We all make mistakes; it happens. However, when the mistake is public and humorous, people will take notice. The more public and the more humorous, the more shares the mistake will garner. Your hard work turned embarrassing blunder could potentially live in Internet infamy forever.
With the world still suffering in the midst of a pandemic, we could all probably benefit from a little break for humor . . . with some lessons on avoiding “branding fails” infused along the way.
#1 Make Sure Your Potential Spokesperson Truly Loves Your Product
Oprah Winfrey named Microsoft’s Surface tablet one of her “favorite things” in 2012 and compared the device to a Mercedes. She continued gushing with a tweet, “Gotta love that SURFACE! Have bought 12 already for Christmas gifts. #FavoriteThings” . . . which she posted from Microsoft Surface’s main competitor, the iPad.
While any business would be thrilled to score Oprah as a spokesperson, you generally want to make sure the individual speaking on behalf of your product actually loves your product . . . or at the very least include lots of rules in his or her contract about product usage.
#2 A Mascot Should be a Positive Representation of Your Brand
Like a spokesperson, a mascot should also be chosen very carefully. While Oprah’s likability is hard to question, this figure should have raised some serious red flags.
Mallory Russell of Business Insider wrote:
“Bob Garfield of Ad Age described him best:
“’Likewise the King . . . is not only un-animated but frozen in place, a grotesque death mask of a grin, like something out of a John Carpenter movie. You don’t know whether you’re going to have it your way or he’s going to have his way with you.’
“Then commercials started showing him sneaking into people’s bedrooms. It was enough for Time to name The King one of the 10 creepiest brand mascots.”
#3 Location, Location, Location – Be Attentive to Ad Placement
You won’t always get the opportunity to see your ad in context before going live, but you usually will know the location of your billboards. Scoping out the area in advance will be worth the trip for sure. Even for those situations that can’t be predicted (for example: a laughably contrary sign popping up after yours has already been in place . . . or magazines and newspaper that you can’t see prior to print), always discuss placement with your ad sales representative. In some cases, the best you could do is to ask for their attentiveness to other products’ ads and article placement that may not sit well next to yours. You can even go to the extent of giving some examples that would not be ideal to truly highlight the issue. At the very least, you’ll have reinforced the importance of your ad’s location and hopefully have your ad rep attuned to the potential pitfalls.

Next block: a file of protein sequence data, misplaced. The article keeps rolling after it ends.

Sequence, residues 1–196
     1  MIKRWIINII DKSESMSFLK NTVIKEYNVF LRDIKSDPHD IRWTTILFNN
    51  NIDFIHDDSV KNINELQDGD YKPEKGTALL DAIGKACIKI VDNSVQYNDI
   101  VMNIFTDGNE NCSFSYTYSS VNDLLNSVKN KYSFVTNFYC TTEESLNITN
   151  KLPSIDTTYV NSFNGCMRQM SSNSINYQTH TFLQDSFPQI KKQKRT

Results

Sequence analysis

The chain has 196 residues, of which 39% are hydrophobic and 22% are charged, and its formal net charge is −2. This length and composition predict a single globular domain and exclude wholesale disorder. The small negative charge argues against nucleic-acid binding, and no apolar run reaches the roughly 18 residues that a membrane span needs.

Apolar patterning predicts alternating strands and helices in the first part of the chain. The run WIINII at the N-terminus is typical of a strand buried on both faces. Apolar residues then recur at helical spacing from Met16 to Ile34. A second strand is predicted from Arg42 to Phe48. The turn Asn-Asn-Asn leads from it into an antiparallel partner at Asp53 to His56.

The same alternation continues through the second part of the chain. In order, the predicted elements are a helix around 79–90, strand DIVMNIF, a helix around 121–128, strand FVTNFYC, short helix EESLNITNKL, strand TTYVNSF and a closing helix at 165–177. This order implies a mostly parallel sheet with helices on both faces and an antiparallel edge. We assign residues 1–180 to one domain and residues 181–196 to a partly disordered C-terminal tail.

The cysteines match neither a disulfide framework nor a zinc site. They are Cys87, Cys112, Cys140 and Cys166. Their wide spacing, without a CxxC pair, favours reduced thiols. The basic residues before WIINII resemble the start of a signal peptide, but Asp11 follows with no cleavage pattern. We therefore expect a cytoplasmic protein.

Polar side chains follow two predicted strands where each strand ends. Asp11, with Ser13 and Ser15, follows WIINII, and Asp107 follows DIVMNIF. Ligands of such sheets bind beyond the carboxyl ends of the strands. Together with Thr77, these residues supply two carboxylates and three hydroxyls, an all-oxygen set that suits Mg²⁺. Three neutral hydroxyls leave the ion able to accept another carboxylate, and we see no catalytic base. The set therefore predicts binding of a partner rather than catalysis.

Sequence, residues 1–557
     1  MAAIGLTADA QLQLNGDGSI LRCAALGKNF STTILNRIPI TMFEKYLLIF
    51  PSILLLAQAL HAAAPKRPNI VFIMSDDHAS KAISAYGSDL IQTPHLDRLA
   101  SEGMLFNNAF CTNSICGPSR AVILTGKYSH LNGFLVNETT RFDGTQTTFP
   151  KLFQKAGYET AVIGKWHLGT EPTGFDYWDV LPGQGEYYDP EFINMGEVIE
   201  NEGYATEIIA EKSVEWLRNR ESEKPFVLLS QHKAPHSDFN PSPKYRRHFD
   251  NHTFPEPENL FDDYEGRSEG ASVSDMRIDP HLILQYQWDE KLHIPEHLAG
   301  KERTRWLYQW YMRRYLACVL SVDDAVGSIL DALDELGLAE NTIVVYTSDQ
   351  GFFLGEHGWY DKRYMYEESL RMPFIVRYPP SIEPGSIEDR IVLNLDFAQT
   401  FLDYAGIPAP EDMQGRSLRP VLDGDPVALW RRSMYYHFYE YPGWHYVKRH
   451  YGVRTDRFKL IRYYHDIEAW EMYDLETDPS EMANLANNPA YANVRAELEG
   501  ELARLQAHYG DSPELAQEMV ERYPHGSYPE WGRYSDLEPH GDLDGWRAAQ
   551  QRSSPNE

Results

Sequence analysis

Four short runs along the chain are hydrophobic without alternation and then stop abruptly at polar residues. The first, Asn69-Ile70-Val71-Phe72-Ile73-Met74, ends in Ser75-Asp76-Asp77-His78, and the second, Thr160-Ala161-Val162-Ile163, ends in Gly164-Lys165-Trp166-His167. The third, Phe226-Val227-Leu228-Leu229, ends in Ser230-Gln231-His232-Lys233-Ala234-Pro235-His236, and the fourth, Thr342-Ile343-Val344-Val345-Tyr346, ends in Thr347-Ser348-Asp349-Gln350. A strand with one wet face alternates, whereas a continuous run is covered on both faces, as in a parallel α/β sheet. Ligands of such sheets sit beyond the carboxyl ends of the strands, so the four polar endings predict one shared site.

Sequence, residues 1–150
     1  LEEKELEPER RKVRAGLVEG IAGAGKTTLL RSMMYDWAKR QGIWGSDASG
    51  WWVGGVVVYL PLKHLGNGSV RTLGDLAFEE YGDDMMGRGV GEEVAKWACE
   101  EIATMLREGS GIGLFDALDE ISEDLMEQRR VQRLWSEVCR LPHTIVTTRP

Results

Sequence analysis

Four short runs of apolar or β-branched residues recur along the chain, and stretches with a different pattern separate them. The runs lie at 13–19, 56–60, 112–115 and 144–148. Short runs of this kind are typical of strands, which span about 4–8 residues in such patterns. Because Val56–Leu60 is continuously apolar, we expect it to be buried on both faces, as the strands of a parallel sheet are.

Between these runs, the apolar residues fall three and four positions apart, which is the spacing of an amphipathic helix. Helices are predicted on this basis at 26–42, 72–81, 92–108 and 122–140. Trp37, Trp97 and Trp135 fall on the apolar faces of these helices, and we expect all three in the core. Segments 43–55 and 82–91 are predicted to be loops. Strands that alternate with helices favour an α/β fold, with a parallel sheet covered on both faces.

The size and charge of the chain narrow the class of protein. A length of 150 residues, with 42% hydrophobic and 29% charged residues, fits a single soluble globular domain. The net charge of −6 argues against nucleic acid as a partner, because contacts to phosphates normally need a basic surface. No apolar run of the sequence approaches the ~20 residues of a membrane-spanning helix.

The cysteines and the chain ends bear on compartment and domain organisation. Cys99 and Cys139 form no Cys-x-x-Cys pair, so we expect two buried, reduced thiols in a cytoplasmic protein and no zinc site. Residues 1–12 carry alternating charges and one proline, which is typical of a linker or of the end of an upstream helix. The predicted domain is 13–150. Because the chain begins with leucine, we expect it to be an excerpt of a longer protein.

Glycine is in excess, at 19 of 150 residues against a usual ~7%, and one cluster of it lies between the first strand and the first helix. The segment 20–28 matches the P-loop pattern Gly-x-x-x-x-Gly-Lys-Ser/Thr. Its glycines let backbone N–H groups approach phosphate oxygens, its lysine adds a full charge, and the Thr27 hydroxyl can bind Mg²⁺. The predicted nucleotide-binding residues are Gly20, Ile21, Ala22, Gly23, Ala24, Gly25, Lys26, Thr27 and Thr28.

#4 Logo Placement is Important, Too
Caution and thought should be devoted every time you use your logo. The greater the size of the intended logo placement, the more caution and thought that should be devoted. So . . . for the inclusion of your 1” logo along a slew of others as part of a charity sponsorship, you can probably feel safe with low-level caution. For a 5’ logo on the side of your van, high-level caution is warranted.
#5 Craft Contests Very Carefully
Free pizza for 100 years was to be awarded by Domino’s Pizza in Russa for any individual who – over a two-month period – got (and shared on social media) a tattoo of the company’s logo. (Talk about not being able to exercise caution for your logo’s placement!) Pictures of Domino’s body ink flooded the Internet, and the company had to quickly change the contest parameters from two months to the first 350 people to post their pictures; they warned “To those with [tattoo] appointments scheduled for later, we recommend canceling them.”